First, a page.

Shortly after the defendant's removal of this case, Kamath signed an affidavit in which he attested that he was insured by Allstate, and not only Progressive, at the time of the accident.[11] Brumfield subsequently amended his state court complaint to add Allstate as a defendant, although the state court was deprived of jurisdiction upon removal, rendering the amendment void.[12] On June 28, 2019, the plaintiff filed a motion to remand this matter to state court, arguing that this Court is without subject-matter jurisdiction because plaintiff still has a valid claim against Kamath, who resides in the same state as the plaintiff.[13] Brumfield contends he has such a claim because he signed only a limited release with the defendants and specifically reserved an action against an insured defendant to the extent necessary to assert claims against an excess insurer.[14]


         The plaintiff's remand motion is governed by the standard for improper joinder, set forth below.

         A defendant may generally remove a civil action filed in state court if the federal court has original jurisdiction over the action. See 28 U.S.C. § 1441(a). The removing party bears the burden of showing that federal jurisdiction exists. See Allen v. R & H Oil & Gas Co., 63 F.3d 1326, 1335 (5th Cir. 1995). “The jurisdictional facts that support removal must be judged at the time of removal.” Gebbia v. Wal-Mart Stores, Inc., 233 F.3d 880, 883 (5th Cir. 2000). In assessing whether removal is appropriate, the Court is guided by the principle that removal statutes should be strictly construed because federal courts are courts of limited jurisdiction. See, e.g., Manguno v. Prudential Prop. & Cas. Ins. Co., 276 F.3d 720, 723 (5th Cir. 2002). Accordingly, “[a]ny ambiguities are construed against removal.” Id.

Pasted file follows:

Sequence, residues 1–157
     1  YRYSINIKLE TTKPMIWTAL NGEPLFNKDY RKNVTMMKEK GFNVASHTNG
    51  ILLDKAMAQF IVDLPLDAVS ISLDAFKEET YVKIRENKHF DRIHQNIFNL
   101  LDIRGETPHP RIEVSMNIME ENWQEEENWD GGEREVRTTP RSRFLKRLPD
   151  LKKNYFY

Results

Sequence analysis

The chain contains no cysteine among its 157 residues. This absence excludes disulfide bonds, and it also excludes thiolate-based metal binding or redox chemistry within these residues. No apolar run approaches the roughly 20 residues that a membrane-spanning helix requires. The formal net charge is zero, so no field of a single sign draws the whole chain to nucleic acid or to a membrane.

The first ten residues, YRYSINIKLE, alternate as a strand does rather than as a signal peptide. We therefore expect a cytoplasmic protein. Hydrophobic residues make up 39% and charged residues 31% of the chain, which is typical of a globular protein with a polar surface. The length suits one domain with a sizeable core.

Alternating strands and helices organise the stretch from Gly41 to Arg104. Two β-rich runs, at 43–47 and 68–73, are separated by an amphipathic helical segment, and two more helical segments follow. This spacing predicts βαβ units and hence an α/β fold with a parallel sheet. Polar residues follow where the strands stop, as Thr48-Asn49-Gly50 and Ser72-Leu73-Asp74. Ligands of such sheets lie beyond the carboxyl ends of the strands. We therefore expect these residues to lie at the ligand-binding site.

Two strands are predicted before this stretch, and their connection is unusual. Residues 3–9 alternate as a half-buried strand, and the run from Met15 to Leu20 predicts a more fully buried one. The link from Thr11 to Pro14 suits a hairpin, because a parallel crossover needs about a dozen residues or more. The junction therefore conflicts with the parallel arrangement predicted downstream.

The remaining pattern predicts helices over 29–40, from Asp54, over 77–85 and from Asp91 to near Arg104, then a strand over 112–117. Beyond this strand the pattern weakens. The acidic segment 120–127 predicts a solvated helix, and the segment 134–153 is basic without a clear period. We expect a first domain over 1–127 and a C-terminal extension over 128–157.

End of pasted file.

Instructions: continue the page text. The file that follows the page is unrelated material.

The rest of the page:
For diversity jurisdiction to exist, the amount in controversy must exceed $75, 000, and there must be complete diversity between plaintiffs and defendants. See 28 U.S.C. § 1332(a); Owen Equip. & Erection Co. v. Kroger, 437 U.S. 365, 373 (1978). Here, the parties do not dispute that the amount-in-controversy requirement is satisfied. However, complete diversity is contested. Ordinarily, having a plaintiff and a defendant who reside in the same state would destroy complete diversity. See McLaughlin v. Miss. Power Co., 376 F.3d 344, 353 (5th Cir. 2004). And when a nondiverse party is properly joined as a defendant, no defendant may remove the case under 28 U.S.C. § 1332. But a defendant may remove by showing that the nondiverse party was joined improperly. Smallwood v. Ill. Cent. R.R. Co., 352 F.3d 220, 222-23 (5th Cir. 2003).